Pye, Lucian W.
January 1967
Foreign Affairs;Jan1967, Vol. 45 Issue 2, p229
Academic Journal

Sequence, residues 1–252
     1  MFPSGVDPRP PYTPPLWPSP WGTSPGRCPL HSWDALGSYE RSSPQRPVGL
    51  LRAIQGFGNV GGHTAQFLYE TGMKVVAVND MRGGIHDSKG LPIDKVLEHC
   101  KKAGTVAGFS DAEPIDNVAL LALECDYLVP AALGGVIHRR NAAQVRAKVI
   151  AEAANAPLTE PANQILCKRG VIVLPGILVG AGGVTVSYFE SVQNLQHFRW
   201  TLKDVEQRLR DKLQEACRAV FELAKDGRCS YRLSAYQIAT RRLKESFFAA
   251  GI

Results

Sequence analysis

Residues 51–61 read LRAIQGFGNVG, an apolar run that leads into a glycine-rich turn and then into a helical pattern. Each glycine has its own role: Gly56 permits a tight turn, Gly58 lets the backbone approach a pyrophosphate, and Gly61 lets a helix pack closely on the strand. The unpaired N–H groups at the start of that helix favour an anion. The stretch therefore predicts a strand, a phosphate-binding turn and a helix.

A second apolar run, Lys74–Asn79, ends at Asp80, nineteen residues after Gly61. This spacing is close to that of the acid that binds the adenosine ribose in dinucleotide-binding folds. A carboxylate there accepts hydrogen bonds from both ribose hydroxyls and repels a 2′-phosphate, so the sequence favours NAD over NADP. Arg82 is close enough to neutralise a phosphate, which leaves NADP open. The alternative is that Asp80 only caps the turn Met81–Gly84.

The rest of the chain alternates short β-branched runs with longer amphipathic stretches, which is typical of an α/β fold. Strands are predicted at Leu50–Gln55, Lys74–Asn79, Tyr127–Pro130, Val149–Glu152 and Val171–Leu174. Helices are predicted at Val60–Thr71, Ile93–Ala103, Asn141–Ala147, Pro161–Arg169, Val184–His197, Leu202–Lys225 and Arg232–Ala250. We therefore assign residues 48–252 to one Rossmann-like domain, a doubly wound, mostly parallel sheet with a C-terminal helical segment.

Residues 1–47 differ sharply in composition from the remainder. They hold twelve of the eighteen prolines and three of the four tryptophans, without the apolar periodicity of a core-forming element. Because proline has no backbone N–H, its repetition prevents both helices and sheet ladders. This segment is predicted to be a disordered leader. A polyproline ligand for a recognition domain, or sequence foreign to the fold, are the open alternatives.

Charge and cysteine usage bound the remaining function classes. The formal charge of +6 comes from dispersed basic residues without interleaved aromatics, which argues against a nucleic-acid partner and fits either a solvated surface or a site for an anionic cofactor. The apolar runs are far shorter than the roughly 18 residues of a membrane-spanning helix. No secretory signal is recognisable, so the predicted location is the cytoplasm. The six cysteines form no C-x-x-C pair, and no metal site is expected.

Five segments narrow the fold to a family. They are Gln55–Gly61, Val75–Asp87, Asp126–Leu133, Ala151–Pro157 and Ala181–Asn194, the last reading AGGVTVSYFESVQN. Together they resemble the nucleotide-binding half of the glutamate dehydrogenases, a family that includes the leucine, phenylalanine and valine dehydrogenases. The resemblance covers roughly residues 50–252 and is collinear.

This article presents information on the changes in foreign policy of the U.S. towards its foreign relations with Communist China. For some months, 1966 promised to be a year of significant albeit gradual change in U.S. policy toward Communist China. In a strange and paradoxical fashion, the emotional issues of the Vietnam War opened the way for the most sober, responsible and even-handed public discussion of China since the Communists came to power. At Congressional hearings and in the mass media, scholars and leaders of opinion have dispassionately calculated the possibilities for change, and Administration leaders have in their customarily guarded language intimated that change was not impossible. The national mood was increasingly one of believing that with prudence and wisdom it would be possible to work toward gradually incorporating China into responsible world relationships. If we are to take advantage of the opportunities offered by current U.S. attitudes and to avoid the dangers of bitter backlashes if all does not go well, then it is important to reach a realistic judgment of the precise limits of our capacity to influence Chinese developments in particular and Asian events in general.


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